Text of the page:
September 6, 2010

Why Did Craigslist End ‘Adult Services’ Section?

We noted last May that the popular Craigslist website faced major flak from state attorneys general and from anti-prostitution groups over its “Adult Personals” section, which many say was a thinly veiled venue for prostitution. On September 3, Craigslist abruptly discontinued the “Adult Personals” section and replaced the link with the word “Censored.” Craigslist didn’t… Read More

July 22, 2010

EFF Challenges Subpoenas to ISPs for Identities of Anonymous Posters

On July 14, 2010, the Electronic Frontier Foundation (EFF), a group that defends the privacy and online rights of computer and Internet users, served a motion to quash two dragnet subpoenas issued by the plaintiffs in a high-profile New York state court case to Internet service providers (ISP’s) Google and Yahoo. The subpoenas demanded the identities… Read More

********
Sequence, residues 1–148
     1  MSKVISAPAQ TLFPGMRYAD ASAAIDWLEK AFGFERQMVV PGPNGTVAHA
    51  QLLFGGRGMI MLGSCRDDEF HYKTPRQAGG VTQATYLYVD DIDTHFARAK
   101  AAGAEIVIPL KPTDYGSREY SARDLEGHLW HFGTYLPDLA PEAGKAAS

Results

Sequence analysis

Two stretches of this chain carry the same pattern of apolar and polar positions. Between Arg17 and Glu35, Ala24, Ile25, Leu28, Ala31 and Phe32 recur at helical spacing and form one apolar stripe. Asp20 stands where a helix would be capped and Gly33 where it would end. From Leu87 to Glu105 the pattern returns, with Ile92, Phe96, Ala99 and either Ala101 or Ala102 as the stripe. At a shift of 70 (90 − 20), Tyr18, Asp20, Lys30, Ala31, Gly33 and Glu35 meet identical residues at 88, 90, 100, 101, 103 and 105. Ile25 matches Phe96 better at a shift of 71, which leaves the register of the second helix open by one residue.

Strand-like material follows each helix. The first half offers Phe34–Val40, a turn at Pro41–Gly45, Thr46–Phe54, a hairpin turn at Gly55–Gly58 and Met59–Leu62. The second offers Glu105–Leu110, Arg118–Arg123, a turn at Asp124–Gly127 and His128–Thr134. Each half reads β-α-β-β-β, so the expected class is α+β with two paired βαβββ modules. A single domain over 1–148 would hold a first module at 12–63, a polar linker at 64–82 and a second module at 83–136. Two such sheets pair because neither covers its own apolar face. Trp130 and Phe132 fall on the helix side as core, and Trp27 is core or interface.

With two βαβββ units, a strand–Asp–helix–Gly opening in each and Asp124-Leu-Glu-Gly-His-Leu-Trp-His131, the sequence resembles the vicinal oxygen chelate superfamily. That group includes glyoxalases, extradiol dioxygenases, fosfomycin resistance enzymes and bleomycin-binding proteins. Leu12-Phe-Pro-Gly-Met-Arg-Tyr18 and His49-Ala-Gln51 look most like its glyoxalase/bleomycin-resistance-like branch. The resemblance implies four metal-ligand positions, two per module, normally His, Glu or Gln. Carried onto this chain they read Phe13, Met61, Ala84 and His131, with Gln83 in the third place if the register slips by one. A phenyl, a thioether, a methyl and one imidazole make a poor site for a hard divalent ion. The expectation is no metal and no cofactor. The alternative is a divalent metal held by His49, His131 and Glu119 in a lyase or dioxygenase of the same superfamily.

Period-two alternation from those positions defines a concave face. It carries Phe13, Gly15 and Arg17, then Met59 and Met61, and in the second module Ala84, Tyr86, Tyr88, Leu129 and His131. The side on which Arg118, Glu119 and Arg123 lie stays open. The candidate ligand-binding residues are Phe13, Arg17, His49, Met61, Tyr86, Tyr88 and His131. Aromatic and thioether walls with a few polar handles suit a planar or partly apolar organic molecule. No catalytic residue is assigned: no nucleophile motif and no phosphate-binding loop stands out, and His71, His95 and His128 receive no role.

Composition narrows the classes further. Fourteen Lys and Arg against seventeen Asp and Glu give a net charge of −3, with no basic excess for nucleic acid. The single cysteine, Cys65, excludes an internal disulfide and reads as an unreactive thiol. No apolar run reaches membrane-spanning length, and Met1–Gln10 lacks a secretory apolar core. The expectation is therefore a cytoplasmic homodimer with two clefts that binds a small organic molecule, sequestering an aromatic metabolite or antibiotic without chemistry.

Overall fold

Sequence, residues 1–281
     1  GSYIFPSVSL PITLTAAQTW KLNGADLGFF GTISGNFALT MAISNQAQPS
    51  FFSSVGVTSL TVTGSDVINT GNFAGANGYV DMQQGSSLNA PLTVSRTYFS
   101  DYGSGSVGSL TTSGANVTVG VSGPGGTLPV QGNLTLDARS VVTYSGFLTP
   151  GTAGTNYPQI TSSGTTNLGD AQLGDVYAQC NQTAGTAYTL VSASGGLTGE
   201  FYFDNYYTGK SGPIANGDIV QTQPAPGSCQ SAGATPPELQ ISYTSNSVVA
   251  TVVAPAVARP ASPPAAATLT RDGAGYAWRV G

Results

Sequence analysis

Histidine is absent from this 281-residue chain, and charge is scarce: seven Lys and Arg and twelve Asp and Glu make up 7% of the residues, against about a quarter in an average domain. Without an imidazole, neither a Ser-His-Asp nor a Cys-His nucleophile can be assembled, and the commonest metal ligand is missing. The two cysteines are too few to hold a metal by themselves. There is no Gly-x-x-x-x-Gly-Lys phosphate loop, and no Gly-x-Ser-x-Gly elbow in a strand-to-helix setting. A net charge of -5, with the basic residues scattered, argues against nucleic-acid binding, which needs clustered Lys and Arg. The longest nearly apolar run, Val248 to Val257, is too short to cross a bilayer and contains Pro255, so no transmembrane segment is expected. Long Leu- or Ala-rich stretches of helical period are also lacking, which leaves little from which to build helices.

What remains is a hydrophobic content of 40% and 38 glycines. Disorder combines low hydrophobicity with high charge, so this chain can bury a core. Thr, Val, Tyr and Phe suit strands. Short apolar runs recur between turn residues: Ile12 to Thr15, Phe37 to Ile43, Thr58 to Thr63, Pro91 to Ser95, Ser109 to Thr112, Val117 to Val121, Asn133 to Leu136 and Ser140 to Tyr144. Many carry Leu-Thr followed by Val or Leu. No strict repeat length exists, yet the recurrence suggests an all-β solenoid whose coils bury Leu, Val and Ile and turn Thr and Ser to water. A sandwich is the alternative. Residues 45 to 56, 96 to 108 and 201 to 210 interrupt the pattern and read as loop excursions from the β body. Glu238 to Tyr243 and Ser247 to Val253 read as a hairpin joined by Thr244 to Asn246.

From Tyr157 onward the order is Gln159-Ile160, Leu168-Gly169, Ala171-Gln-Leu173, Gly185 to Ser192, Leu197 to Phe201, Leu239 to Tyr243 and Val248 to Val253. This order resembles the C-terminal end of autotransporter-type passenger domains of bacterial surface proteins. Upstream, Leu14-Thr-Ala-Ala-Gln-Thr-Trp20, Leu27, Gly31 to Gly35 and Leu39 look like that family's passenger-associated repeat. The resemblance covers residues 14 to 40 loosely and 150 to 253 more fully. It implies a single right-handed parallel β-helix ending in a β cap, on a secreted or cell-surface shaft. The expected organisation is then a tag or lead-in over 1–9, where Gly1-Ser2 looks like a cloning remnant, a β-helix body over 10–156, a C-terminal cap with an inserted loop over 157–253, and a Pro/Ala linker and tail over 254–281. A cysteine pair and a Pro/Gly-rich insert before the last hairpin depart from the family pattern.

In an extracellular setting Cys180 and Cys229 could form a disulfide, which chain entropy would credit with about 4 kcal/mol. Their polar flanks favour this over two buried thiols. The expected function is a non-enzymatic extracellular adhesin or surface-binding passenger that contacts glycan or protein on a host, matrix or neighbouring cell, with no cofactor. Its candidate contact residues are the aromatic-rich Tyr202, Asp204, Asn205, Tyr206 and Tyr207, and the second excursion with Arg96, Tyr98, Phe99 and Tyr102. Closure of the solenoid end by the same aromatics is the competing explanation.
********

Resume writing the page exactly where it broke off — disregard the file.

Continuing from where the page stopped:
June 7, 2010

Is Google Ready to Protect Our Legal Rights?

Is the government reading your e-mail messages? A routine law enforcement technique of using subpoenas instead of search warrants to obtain e-mail from internet service providers (ISPs) means that literally anyone who uses the Internet risks intrusion from unlawful government surveillance practices. Subpoenas can be issued under a much lower standard than the probable cause… Read More

May 22, 2010

Is Craigslist Eligible for Immunity?

Connecticut Attorney General Richard Blumenthal and a coalition of 39 attorneys general have long accused Craigslist of furthering prostitution and human trafficking. Blumenthal’s May 3, 2010, subpoena to Craigslist has reignited the debate over the online bulletin board’s responsibility for prostitution ads posted on its site. Craigslist is clearly fighting back. Its CEO, James Buckmaster,… Read More